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Seasonal use of savanna landscapes by the Gouldian finch, Erythrura gouldiae, in the Yinberrie Hills area, Northern Territory

Dostine, PL, Johnson, GC, Franklin, Donald C., Zhang, Y. and Hempel, C. (2001). Seasonal use of savanna landscapes by the Gouldian finch, Erythrura gouldiae, in the Yinberrie Hills area, Northern Territory. Wildlife Research,28(4):445-458.

Document type: Journal Article
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Title Seasonal use of savanna landscapes by the Gouldian finch, Erythrura gouldiae, in the Yinberrie Hills area, Northern Territory
Author Dostine, PL
Johnson, GC
Franklin, Donald C.
Zhang, Y.
Hempel, C.
Journal Name Wildlife Research
Publication Date 2001
Volume Number 28
Issue Number 4
ISSN 1035-3712   (check CDU catalogue open catalogue search in new window)
Start Page 445
End Page 458
Total Pages 14
Place of Publication Collingwood
Publisher CSIRO Publishing
HERDC Category C1 - Journal Article (DEST)
Abstract The diet, attributes of feeding sites and patterns of seasonal movements of a population of the Gouldian finch, Erythrura gouldiae, were studied in the Yinberrie Hills area north of Katherine in the Northern Territory. In the dry season (April-November) Gouldian finches foraged mostly on burnt ground and fed on exposed seed of annual grasses, especially seed of spear-grass, Sorghum spp. In the wet season (December-March) Gouldian finches fed on seed of a sequence of perennial grass species, including Themeda triandra, Alloteropsis semialata, Chrysopogon fallax and Heteropogon triticeus. Gouldian finches undertake regular seasonal shifts in habitat, from breeding areas in hill woodland in the dry season to adjacent lowlands throughout much of the wet season, in response to seasonal changes in food availability. There is an annual pulse in abundance of fallen seed in the early dry season that is depleted to near zero levels by germination of annual grasses early in the wet season. Thereafter, finches depend on seed from other sources, principally ripe and ripening seed of perennial grasses. Observations over three successive wet seasons suggest that Gouldian finches track seed resources provided by seeding perennial grasses over an extensive area of lowland grassy woodland adjacent to the breeding area, favouring small patches of grassy woodland for brief periods until seed fall. There were subtle differences between years in the types of resources used. Management of Gouldian finch populations will entail protection and management of the full range of grassland habitats used throughout the annual cycle, and will require predictive knowledge of the causes of patterning of seed resources and probably an ability to exert control over the timing and extent of fires in fire-prone seasonal savanna landscapes.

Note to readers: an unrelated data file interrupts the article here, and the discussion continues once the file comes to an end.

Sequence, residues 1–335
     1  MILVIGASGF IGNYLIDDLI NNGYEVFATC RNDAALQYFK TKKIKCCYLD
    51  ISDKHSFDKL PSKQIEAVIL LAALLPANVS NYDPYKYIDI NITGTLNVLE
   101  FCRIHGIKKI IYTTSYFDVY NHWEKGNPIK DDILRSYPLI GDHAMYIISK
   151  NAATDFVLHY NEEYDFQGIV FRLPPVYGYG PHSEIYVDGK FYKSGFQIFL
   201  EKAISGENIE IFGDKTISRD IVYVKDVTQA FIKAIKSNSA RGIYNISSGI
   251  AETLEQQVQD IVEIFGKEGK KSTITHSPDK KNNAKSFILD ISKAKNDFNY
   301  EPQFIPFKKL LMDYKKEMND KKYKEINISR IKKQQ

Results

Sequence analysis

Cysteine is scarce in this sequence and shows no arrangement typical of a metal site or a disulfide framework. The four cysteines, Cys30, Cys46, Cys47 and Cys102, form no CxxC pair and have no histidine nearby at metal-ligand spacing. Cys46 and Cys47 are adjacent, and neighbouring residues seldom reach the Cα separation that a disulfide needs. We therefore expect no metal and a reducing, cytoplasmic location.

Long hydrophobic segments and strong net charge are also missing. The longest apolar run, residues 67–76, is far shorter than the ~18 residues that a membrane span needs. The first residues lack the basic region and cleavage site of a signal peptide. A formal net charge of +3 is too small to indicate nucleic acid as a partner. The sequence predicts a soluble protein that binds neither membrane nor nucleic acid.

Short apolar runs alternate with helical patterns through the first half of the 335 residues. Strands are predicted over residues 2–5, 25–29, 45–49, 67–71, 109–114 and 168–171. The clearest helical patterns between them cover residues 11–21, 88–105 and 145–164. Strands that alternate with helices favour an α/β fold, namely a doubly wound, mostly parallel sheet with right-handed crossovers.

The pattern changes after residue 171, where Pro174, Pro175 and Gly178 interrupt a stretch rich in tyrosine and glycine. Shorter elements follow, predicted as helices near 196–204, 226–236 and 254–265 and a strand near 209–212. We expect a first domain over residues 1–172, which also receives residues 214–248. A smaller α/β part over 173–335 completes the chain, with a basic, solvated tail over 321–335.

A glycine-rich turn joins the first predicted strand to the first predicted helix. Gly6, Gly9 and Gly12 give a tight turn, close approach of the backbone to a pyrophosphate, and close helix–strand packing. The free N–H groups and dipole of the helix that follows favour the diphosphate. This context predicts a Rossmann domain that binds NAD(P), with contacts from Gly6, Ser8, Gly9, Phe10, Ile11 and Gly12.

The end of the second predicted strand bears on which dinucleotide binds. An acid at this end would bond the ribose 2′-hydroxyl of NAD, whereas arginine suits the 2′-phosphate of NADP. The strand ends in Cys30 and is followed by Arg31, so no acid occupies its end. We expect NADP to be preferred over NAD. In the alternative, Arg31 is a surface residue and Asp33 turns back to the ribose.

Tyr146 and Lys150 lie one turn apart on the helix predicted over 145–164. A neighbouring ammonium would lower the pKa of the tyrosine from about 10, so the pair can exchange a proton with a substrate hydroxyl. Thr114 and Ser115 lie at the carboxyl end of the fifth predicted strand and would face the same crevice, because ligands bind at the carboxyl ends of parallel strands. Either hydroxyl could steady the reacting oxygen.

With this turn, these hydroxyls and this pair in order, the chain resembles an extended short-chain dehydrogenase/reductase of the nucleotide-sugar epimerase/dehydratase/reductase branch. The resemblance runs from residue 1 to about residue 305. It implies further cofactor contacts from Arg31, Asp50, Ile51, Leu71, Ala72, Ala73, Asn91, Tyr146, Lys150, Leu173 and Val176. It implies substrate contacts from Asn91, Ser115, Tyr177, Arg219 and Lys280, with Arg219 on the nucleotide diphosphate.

DOI http://dx.doi.org/10.1071/WR00049   (check subscription with CDU E-Gateway service for CDU Staff and Students  check subscription with CDU E-Gateway in new window)
 
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